Still getting up and doing work instead of relaxing. This morning, I did manage to read a poem each by Adrienne Rich,
and John Updike.
These are the three poets I am reading these days.
Then I settled down to transcribing Christ lag in Todes Banden BWV 695 into a Finale doc. I converted the original two stave version to a three stave version with the alto melody in the pedals.
My brother and my sister-in-law arrive today for an overnight visit. I managed to get our bills done before Eileen needed the computer to finish our taxes.
Yesterday, I started reading in Thinking, Fast and Slow by Daniel Kahneman.
Kahneman (along with his recently deceased colleague, Amos Tversky) has spent a lifetime studying how we decide about things. In his introduction he says he is aiming his book at the kind of conversations that people have around the water-cooler, namely gossip.
This might seem an odd way to approach this for the winner of the Nobel Prize 2002 in Economic Sciences. But it’s actually quite logical. The intuitive way we judge affects our understanding and our opinions. Kahneman thinks that we can begin to see how others are coming to inaccurate conclusions and then we can turn the light on ourselves
Initially he approached experts in many fields with the idea that the way we make decisions and assessments about statistics are often completely inaccurate. He and Tversky would win over experts by showing them how they were coming to false conclusions about facts and statistics.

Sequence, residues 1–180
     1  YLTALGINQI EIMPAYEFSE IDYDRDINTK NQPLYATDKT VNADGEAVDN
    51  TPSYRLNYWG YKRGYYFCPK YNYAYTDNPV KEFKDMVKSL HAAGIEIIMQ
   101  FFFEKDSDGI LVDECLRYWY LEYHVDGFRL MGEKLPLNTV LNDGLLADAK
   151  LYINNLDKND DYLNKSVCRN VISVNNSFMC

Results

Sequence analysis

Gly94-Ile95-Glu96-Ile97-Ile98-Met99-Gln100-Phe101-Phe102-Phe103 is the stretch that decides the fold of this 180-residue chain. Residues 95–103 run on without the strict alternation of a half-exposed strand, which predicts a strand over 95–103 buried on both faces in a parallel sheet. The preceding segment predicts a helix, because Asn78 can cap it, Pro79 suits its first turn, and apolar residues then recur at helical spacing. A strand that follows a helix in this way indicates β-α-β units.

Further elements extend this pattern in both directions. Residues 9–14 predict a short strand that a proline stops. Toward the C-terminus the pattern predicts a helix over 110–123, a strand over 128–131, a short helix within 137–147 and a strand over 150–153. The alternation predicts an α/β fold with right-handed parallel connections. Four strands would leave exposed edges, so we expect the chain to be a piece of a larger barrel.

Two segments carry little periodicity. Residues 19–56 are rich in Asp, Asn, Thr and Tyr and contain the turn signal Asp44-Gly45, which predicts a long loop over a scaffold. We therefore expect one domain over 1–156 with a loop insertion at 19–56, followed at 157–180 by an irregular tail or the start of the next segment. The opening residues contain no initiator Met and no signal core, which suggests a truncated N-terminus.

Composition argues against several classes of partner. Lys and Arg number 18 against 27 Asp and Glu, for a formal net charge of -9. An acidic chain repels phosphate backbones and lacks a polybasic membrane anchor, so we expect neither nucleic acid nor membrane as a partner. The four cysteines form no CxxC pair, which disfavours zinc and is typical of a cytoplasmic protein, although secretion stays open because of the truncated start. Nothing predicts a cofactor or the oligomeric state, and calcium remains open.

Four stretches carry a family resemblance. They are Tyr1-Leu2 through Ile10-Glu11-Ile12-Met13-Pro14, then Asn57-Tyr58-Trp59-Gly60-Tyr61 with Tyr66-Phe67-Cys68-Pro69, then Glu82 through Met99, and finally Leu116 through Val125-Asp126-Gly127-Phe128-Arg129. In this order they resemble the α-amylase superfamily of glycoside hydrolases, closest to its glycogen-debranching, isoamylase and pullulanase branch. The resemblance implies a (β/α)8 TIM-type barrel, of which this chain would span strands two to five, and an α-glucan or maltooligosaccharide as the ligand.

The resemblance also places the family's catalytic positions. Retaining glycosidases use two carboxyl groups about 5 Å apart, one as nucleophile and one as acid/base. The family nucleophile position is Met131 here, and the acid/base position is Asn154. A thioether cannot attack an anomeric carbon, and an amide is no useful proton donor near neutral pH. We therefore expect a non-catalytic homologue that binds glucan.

He would do it like this.
Consider Steve taken from a random sample:
“An individual has been described by a neighbor as follows: ‘Steve is very shy and withdrawn, invariably helpful but with little interest in people or in the world of reality. A meek and tidy soul, he has a need for order and structure, and a passion for detail.’ Is Steve more likely to be a librarian or a farmer?”
“The resemblance of Steve’s personality to that of a stereotypical librarian strikes everyone immediately, but equally relevant statistical considerations are almost always ignored. Did it occur to you that there are more than 20 male farmers for each male librarian in the United States? Because there are so many more farmers, it is almost certain that more ‘meek and tidy’ souls will be found on tractors than at library information desks.
“However, we found that participants in our experiments ignored the relevant statistical facts and relied exclusively on resemblance. We proposed that they used resemblance as a simplifying heuristic (roughly, rule of thumb) to make a difficult judgment. The reliance on heuristic caused predictable biases (systematic errors) in their predictions.”
Kahneman aims to “improve the ability to identify and understand errors of judgment and choice, in others and eventually in ourselves, by providing a richer and more precise language to discuss them.”
My copy of this book is an inter-library loan one which is due soon. Since other people want to see this book, I am unable to renew it. I read in it yesterday to get a sense of it. Now I’m pretty sure I want to somehow own a copy to read.